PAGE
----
A sizable portion of “The Ruins of Noble Men,” my novella in Star Trek Vanguard: Declassified, is set nearly a decade prior to the current series continuity, when some of the characters served together aboard the Federation starship Dauntless. Because I wanted something to visualize while I was writing, I looked to the work of fan starship designer Masao Okazaki for inspiration.
Masao’s web site, the Starfleet Museum, is his personal interpretation of the design lineage for the ships that were first seen in the original Star Trek TV series. Because of the clear influence his work draws from Star Trek Production Designer Matt Jefferies, as well as the work of Franz Joseph Schnaubelt—the man behind the Star Trek Blueprints and the Star Fleet Technical Manual, two publications that fed my geek needs back in the early ’70s—I’m a longtime fan of Masao’s work. When David Mack and I developed the Vanguard series for Simon & Schuster, Masao was the guy I hired to design the space station, as well as the scoutship Sagittarius. Those interested in finding out more about Masao’s Vanguard work, as well as his aforementioned influences, Matt Jefferies and Franz Joseph, should be sure to check out Star Trek Magazine #35, which is out right now. In addition to containing features about those talented individuals, it also has some great articles by my friends and fellow Vanguard conspirators, Dayton Ward and Kevin Dilmore, and an excerpt from my story, “The Ruins of Noble Men.”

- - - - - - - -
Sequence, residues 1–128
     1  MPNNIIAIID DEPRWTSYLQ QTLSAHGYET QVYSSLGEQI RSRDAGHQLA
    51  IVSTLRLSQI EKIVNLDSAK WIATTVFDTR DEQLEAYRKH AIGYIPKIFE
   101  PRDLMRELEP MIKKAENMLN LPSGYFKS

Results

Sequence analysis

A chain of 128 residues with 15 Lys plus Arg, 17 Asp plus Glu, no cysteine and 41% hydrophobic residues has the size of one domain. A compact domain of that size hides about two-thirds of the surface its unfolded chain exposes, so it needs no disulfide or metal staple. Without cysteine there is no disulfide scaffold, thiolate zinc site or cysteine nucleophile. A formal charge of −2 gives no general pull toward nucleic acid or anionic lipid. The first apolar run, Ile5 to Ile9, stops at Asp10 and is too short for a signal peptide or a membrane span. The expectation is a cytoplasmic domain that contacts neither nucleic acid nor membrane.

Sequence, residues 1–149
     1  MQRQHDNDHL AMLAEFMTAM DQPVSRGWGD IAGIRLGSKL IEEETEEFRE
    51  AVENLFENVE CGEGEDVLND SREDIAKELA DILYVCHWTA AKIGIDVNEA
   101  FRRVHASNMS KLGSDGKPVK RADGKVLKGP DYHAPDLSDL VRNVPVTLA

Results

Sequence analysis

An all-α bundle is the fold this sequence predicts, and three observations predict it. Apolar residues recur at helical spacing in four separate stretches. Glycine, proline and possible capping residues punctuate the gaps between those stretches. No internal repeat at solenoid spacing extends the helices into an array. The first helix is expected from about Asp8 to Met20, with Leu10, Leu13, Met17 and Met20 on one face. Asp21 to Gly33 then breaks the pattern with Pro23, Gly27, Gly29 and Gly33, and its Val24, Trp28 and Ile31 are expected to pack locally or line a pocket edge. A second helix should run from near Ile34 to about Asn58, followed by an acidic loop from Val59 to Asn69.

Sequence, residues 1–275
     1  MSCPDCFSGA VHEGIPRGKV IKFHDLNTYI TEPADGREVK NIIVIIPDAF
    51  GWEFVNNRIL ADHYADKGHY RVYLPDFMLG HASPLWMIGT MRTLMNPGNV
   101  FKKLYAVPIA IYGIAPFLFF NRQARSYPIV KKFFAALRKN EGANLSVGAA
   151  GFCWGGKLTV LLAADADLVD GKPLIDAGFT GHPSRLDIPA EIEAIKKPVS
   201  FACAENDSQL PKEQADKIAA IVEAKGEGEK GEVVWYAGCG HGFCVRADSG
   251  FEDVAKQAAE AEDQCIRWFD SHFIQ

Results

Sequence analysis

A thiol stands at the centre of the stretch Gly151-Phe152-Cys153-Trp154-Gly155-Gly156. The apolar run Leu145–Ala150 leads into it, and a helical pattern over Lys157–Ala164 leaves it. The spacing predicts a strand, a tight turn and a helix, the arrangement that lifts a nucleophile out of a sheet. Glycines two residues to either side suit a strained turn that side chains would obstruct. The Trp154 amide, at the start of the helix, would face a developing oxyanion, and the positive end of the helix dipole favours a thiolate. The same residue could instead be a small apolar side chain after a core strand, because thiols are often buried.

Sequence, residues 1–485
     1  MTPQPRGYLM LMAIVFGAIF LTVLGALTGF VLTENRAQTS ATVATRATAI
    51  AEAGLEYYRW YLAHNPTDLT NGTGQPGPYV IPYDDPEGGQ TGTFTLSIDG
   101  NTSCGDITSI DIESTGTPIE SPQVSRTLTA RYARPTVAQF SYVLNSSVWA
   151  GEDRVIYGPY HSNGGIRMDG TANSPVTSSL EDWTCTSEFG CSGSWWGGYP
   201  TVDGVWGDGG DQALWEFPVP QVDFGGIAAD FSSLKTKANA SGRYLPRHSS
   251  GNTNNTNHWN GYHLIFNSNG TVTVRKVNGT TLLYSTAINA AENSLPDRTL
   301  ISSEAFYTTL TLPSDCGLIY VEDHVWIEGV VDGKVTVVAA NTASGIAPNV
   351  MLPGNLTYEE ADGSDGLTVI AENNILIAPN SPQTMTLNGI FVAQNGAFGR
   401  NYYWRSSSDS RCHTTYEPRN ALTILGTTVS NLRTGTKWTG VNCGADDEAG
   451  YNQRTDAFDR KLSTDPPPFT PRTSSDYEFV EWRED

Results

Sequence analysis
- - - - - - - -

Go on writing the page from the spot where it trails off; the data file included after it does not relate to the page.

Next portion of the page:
Which brings me back to my original reason for this post. To visualize the Dauntless while I was writing the story, I fixated on one of Masao’s designs from the Starfleet Museum, the Pyotr Velikiy. In addition to Masao’s various elevations, the ship page also had some great CG images, rendered by another fan artist, Thomas Pemberton. And when I was handed the honor of having my story previewed in Star Trek Magazine, I thought it would be fun to illustrate the excerpt with one of those renders, renamed and renumbered for the Dauntless. So I contacted Tom Pemberton, and to my complete surprise, he not only agreed to do it, he actually created an entirely new render of the ship from scratch, completely different from the ones on Masao’s site! How cool is that?
Star Trek Magazine published the image in monochrome to fit their overall design for the spread on which the excerpt appeared, but I wanted to share it here in all its original glory. Enjoy!